So how does reasoning differ? Basically, it is more abstract. Whereas we can judge problem-solving according to outcome, to a large extent, (so electricians or doctors who fix things – or have good ways of fixing things – are good problem-solvers), someone could possibly demonstrate good reasoning without managing to find a solution. A scientist might observe a phenomenon and show that it needs explaining, but have no answer. He/she may observe ‘Sunrises look different to sunsets: sunsets have a warmer, redder light and are more likely to cast spectacular colours across the sky. This must be because of a difference in the air the light is passing through or a difference in the objects it strikes, as the sun’s rays themselves would not be affected by the movement of the Earth.’ There is no problem to solve here, as such. And the scientist may be wrong about the reasons too, or even the observation itself, but he or she is reasoning: noticing, asking why, and attempting to work out where explanations might be found. Think of that great reasoner Isaac Newton: when he saw the apple fall out of the tree and wondered why, it wasn’t because gravity was a problem!

In my opinion, though, there is no need to ponder at length over the difference between problem-solving and reasoning, as so much of it is the same – especially in practice. The one useful distinction for me is that reasoning ability is a far more open thing, and problem-solving might not be enough. Reasoning leans more towards independence and creativity.

Can teachers teach these kind of skills? Those that say No have a point when they say that a lesson on ‘problem-solving’ is unlikely to be effective. I agree with that, but you could say the same about things like discipline, imagination, initiative and conscience. None of these things are taught as topics in themselves but… and here is the key thing… children learn them from adults or peers and they learn them (if indeed they do!) the whole time. The adult can teach by being a role model or by guiding children through experiences in such a way that these skills, or virtues, are acquired almost imperceptibly.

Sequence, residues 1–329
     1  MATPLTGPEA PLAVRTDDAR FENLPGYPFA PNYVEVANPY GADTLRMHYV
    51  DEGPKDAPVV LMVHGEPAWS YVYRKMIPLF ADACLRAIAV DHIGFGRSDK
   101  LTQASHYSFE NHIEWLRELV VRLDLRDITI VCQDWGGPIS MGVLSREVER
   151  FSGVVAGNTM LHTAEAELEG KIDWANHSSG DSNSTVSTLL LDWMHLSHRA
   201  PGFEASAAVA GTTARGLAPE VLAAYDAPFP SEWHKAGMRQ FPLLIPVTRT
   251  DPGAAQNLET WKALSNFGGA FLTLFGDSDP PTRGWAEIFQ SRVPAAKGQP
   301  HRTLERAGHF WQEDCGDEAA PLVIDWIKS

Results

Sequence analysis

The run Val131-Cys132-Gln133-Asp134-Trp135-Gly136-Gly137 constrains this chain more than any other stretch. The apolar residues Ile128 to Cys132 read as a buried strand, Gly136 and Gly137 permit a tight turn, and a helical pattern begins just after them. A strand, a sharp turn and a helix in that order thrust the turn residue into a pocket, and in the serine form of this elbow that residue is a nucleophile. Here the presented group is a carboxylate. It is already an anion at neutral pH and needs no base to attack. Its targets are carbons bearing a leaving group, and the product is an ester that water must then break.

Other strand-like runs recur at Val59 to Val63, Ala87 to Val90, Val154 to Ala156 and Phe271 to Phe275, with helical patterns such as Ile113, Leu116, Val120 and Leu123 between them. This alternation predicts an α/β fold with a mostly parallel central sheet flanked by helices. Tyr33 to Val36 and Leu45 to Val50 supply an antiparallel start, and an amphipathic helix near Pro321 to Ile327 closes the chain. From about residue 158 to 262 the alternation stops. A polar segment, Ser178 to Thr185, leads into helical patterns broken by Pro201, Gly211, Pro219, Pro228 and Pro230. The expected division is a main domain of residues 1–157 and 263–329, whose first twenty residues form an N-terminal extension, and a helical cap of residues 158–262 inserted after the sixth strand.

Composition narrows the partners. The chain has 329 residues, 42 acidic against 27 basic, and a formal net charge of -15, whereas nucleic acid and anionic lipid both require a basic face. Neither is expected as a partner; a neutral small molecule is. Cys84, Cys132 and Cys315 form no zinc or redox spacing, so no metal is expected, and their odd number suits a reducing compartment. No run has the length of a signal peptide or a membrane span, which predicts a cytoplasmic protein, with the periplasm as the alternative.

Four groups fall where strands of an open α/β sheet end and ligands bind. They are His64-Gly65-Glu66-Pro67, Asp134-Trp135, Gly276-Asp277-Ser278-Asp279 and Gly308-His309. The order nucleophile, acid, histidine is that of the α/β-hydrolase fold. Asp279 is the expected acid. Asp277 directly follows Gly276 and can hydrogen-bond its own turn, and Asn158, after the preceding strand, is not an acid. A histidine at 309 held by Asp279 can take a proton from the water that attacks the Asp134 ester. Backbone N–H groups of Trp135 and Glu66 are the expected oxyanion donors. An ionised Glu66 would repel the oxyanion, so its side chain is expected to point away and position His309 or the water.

And so I believe that I have, on occasion, taught both problem-solving and reasoning through enquiry. An enquiry is an attempt by a group of learners to explore a topic. The exact question or problem to be explored is not automatically provided by the teacher. The teacher is more likely to present a stimulus that is rich in possibility and controversy. The question the pupils will be trying to answer will emerge from their own reactions and reflections.

Here are three possible stimuli, or starting points, for enquiries:
1. The children make a number line on the floor with each number on a separate piece of paper. Questions that might arise are:
Where will the line stop? How do we know?
Is there anything before zero? How do we know?
Is there anything in between the numbers? What?
2. Give the children a 10×10 number square. Challenge the children to find patterns in it. The class vote for which patterns they find most interesting. Questions or observations arising from the class or teacher might be:
If you draw a straight line through any group of numbers can you always say what the pattern is? (e.g. if you draw a vertical line, you always add 10 to get the number on the next line; if you draw a horizontal line, you add 1 – a diagonal line… then what?)
3. Show the children a set of different shaped drinking glasses. See what emerges. If nothing, then prompt them by asking which glass is ‘the biggest’. Then ask if the biggest one will take the most water, and how we can find out.
The process of facilitating an enquiry mainly involves reducing the length and frequency of teacher interventions to the minimum, and – more importantly – withholding judgment of the content of the children’s discussion.

Teaching Maths – or anything else – through enquiry gives a teacher a chance to nurture reasoning in the children. It treats mathematics as a field of discovery – as it once was for earlier mathematicians in history and still is for those high-fliers at the cutting edge of maths today. It allows students to pursue their own thoughts rather than rely on the teacher always to present them with a problem, still less a ready-made solution.